KANSAS CITY, MO. - Spring 2020 marked the 50th anniversary of the first-ever successfully farmed salmon in Norway.

On May 28, 1970, off the coast of Norway, brothers Ove and Sivert Grøntvedt installed their floating open net pen in Norway’s cold and clear waters, said Anne-Kristine Øen, US director for the Tromso-based Norwegian Seafood Council.

Norway was the first, and remains the largest, Atlantic salmon farming nation, producing more than half of the world’s farmed salmon.

Salmon farming has come a long way since 1970, and today Norwegian salmon is a global commodity. Every day, Øen said, 14 million meals of Norwegian farmed salmon are enjoyed on dinner tables and in restaurants across the world.

One million of the 14 million meals of Norwegian salmon are consumed in the United States, as well as many other species of Norwegian seafood.

“Norwegian seafood is a safe, sustainable option that provides a delicious way to add nutrition, variety and flavor to diets to help consumers feel good about what they are consuming,” Øen said.

In an exclusive Q and A, Øen discussed the past, present and next 50 years for the Norwegian industry and its commitment to sustainability.

Supermarket Perimeter: What is SFN doing to celebrate the 50th anniversary?  

Øen: The planned celebratory event with the Norwegian industry was postponed due to the Covid-19 pandemic. Next spring, which will be the 50th anniversary of the first harvest of farmed Atlantic salmon, there will hopefully be a celebration where some of the salmon farming pioneers and industry leaders come together to mark the occasion. The anniversary is an opportunity to look back at past challenges and achievements, and to look forward. 

SP: How has salmon farming in Norway changed over the decades? 

Øen: Over the course of 50 years of salmon farming, Norwegian salmon has become the most popular fish in the world (most preferred species and country of origin, SCI 2020). It was May 1970 when brothers Ove and Sivert Grøntvedt released what was to become the first successful generation of farmed salmon into their floating sea pen, which laid the foundations for modern aquaculture in Norway and abroad. The first generation of farmed salmon was harvested in 1971, and this launched Norwegian aquaculture into a pattern of rapid growth.

In subsequent years, Norway passed laws regulating the quality and fish welfare on salmon farms. Throughout the 1980s, salmon farms along the entire Norwegian coastline began to appear.  Salmon from Norway is becoming increasingly popular among consumers in the US and Europe.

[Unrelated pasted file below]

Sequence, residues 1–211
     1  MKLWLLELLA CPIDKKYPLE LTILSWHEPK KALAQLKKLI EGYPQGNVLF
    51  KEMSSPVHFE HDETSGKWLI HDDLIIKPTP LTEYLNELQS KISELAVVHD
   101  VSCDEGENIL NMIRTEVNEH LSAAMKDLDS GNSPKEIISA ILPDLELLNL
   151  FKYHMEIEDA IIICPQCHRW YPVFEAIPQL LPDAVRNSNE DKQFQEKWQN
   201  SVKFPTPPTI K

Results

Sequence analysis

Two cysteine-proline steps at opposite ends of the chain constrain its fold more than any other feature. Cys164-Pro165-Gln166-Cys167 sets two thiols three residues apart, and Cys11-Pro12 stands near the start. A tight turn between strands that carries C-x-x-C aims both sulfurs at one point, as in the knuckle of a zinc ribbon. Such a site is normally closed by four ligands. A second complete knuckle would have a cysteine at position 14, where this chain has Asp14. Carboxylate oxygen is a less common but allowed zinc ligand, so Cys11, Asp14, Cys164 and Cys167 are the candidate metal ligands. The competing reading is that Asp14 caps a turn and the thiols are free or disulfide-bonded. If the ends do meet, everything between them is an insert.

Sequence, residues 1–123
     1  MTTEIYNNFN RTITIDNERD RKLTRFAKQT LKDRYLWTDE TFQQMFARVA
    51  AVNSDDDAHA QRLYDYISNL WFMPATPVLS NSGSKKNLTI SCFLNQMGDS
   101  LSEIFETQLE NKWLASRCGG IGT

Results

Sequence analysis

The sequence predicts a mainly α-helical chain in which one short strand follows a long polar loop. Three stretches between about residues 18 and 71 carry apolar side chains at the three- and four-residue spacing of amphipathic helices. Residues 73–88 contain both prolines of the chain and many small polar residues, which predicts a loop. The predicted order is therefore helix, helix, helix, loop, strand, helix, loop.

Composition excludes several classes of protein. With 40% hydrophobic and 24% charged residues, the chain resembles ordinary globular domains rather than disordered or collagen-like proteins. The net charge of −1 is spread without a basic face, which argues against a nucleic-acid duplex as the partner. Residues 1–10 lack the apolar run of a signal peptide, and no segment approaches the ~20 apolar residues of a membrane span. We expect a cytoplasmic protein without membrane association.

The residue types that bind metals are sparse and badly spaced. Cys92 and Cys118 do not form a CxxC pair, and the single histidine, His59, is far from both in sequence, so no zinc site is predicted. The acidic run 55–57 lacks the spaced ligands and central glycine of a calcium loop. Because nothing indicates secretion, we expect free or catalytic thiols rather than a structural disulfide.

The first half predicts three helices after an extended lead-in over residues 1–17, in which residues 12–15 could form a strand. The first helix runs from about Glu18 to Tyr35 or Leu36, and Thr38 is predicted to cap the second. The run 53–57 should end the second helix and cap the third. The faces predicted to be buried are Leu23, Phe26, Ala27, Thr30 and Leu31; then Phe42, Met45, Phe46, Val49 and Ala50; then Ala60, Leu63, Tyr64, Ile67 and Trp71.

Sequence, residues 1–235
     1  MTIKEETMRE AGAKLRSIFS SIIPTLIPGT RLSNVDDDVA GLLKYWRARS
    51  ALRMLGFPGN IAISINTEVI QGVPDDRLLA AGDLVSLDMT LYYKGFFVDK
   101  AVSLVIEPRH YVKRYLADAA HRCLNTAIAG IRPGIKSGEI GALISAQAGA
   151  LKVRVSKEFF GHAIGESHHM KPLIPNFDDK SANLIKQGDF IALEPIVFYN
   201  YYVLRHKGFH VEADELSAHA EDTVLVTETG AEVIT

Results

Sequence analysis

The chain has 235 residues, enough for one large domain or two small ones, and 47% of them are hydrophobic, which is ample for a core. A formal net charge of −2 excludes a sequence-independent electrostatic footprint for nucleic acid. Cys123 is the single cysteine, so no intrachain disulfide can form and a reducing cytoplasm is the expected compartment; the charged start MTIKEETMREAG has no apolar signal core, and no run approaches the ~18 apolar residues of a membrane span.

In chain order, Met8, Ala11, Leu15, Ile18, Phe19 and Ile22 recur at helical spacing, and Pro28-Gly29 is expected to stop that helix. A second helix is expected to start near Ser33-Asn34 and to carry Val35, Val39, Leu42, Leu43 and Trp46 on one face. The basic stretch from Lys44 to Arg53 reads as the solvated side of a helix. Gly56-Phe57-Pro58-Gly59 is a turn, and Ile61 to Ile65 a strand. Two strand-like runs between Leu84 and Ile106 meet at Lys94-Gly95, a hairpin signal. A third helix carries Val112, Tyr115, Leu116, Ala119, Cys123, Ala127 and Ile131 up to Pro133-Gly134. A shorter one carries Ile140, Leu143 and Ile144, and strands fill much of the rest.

Between 1986 and 1991 the introduction of Norwegian salmon in Japanese sushi creates an export boom to Japan.   

SP: Specifically looking at sustainability, how have those standards/expectations/practices changed? 

Øen: As the world looks to more sustainable food production, modern aquaculture technology stands out as a major contributor both to meeting the ever-increasing demand for proteins, and as part of the solution to battling climate change.

Today’s consumers are more aware of where their food is being produced than ever before; according to 2020 International Food Information Council (IFIC) research, 60% want to know all about the food’s journey. In fact, many companies within the food industry are becoming more transparent with their practices and the origin of their food. The desire to know where food comes from is becoming more popular also with seafood. Consumers want to ensure that the seafood they are purchasing is sustainable and from a reputable place. Grocery retailers and producers have a tremendous opportunity to showcase where, how and why food is produced today. 

In the world of sustainably conscious consumers, we are now able to tell the whole story. IFIC research indicates that 59% of consumers believe there is a general threshold of sustainable quality that products should meet; we know foods from certain regions are perceived as safer than others. 

It is very important to us that consumers know that they can trust Norwegian seafood. To maintain our high safety standards, the Scientific Committee for Food Safety conducts regular risk assessments, while the Norwegian Food Safety Authority introduces new measures and guidelines to ensure that Norwegian seafood is always safe and enjoyable to eat.

We rely on many different organizations to ensure that we are practicing safe, sustainable fishing and aquaculture in Norway and the Norwegian model means full transparency and collaboration between industry, research institutions and regulative bodies.

Norway is one of consumers’ most trusted sources for seafood because of the national commitment to sustainability. According to Datassential, 38% agree that origin matters, especially when it comes to the quality of the product they are purchasing.  

SP: What about the Norwegian salmon industry excites you most in the coming years?

Øen: Modern aquaculture is still a relatively young industry, but its importance to global food security and meeting climate change challenges is massive. The Norwegian salmon industry are continuously pushing boundaries in technology, and there are so many exciting developments happening in areas such as feed composition, farm design, sustainability and product development. All this is really exciting, and we believe the industry can be a driving force for sustainable food production and increased seafood consumption across the world. 

This story was featured in the August issue of Supermarket Perimeter. Check out the full issue here